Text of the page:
Demonstratives are words, such as this and that, used to indicate which entities are being referred to and to distinguish those entities from others. They are typically deictic, their meaning depending on a particular frame of its reference. Demonstratives are often used in spatial deixis (using the context of the physical surroundings of the speaker and sometimes the listener), but also in intra-discourse reference - so called "discourse deixis" (including abstract concepts) or anaphora), where the meaning is dependent on something other than the relative physical location of the speaker, for example whether something is currently being said or was said earlier.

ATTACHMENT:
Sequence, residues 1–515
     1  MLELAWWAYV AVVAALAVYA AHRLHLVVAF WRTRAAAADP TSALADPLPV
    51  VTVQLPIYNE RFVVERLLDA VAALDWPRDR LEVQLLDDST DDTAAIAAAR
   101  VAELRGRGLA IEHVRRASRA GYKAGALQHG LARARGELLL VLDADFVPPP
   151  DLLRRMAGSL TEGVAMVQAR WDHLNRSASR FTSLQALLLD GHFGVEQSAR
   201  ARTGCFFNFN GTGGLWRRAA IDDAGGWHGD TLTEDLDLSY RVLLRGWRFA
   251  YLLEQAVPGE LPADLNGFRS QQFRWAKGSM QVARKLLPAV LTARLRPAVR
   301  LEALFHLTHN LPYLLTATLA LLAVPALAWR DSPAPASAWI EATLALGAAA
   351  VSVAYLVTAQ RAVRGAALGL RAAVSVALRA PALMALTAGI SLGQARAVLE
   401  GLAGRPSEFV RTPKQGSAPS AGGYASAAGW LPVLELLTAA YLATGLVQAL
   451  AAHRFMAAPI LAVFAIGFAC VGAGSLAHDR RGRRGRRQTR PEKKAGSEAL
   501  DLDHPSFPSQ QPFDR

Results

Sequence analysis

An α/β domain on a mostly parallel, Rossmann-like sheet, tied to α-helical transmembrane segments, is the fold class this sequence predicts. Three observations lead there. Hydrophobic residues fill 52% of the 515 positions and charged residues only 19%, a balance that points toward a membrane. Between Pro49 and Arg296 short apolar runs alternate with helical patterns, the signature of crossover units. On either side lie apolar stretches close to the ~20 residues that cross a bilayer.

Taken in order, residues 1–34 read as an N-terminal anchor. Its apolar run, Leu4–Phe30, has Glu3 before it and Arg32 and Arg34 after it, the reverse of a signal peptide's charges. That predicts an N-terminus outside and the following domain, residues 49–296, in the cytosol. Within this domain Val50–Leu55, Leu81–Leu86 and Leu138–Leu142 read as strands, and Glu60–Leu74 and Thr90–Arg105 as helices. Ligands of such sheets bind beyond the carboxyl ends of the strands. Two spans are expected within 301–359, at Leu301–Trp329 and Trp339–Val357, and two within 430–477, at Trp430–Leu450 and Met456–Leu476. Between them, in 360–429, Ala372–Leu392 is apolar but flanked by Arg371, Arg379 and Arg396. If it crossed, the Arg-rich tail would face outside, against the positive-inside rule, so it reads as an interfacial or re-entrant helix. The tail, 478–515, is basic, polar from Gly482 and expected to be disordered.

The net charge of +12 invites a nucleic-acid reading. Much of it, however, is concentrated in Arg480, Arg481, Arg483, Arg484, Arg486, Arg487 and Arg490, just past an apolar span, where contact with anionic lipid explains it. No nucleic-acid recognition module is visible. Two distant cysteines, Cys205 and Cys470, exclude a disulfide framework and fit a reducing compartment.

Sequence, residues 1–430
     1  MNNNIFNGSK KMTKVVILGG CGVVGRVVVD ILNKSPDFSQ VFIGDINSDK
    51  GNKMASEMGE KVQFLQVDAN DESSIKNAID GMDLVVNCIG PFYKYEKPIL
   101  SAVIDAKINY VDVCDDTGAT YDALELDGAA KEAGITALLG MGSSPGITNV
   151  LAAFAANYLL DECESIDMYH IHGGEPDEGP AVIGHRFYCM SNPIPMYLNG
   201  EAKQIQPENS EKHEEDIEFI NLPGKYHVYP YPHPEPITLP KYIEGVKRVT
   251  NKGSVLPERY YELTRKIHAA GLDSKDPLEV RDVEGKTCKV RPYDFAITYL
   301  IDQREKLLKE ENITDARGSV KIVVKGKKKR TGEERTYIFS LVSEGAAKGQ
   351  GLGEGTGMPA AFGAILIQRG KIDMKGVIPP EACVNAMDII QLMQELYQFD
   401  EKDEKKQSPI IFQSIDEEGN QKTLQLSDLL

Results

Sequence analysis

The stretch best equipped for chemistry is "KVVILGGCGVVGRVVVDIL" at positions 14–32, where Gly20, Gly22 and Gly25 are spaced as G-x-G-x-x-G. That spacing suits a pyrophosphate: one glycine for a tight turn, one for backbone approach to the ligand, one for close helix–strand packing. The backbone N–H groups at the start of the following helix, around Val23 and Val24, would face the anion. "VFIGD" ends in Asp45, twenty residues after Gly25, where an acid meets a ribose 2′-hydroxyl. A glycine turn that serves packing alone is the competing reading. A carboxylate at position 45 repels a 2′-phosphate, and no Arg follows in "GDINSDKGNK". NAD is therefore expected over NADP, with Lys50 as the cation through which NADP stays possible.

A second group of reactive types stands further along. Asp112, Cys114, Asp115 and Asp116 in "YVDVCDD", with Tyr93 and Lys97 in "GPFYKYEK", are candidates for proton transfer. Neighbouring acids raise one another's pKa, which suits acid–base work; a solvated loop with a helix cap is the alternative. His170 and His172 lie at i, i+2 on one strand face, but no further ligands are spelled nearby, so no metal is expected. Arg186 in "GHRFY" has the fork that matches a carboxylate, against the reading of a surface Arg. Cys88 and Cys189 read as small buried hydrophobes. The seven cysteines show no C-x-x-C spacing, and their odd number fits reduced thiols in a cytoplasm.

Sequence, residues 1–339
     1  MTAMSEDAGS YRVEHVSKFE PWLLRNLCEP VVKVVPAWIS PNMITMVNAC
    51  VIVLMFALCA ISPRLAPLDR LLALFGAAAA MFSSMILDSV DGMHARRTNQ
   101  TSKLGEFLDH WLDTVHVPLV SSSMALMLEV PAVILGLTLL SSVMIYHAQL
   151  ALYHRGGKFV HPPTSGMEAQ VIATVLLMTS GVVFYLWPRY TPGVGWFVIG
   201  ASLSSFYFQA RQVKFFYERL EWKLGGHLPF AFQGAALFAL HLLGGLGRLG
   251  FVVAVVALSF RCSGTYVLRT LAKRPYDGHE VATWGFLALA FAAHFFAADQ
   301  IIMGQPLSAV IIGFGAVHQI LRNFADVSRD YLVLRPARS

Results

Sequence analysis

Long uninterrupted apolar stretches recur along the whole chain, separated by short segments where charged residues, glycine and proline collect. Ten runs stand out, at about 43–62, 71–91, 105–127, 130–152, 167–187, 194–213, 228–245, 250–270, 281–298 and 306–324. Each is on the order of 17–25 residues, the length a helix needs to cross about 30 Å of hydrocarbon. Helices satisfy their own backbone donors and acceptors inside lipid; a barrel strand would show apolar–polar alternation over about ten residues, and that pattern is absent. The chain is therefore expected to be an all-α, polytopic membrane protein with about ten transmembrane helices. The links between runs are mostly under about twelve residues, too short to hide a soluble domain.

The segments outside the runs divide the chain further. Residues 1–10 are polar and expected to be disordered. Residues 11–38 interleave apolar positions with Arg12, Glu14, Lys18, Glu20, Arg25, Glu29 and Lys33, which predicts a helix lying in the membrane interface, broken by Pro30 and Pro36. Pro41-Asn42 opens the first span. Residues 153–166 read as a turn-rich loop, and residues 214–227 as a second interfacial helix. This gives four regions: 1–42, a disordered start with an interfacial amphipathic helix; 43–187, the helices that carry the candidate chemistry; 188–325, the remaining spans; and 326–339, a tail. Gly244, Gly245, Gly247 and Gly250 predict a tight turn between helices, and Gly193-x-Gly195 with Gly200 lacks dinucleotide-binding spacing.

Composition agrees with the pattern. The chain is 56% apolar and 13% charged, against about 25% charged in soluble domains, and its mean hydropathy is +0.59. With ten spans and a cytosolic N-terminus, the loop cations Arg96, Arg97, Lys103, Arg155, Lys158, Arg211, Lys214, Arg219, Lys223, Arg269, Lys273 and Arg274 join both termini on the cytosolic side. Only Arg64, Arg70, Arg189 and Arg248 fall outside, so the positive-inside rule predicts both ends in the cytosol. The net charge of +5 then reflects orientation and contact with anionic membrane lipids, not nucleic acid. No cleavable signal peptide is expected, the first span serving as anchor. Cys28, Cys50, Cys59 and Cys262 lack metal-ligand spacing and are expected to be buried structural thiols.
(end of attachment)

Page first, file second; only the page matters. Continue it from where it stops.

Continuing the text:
Demonstrative constructions include demonstrative adjectives or demonstrative determiners, which qualify nouns (as in Put that coat on); and demonstrative pronouns, which stand independently (as in Put that on). The demonstratives in English are this, that, these, those, and the archaic yon and yonder, along with this one or that one as substitutes for the pronoun use of this or that.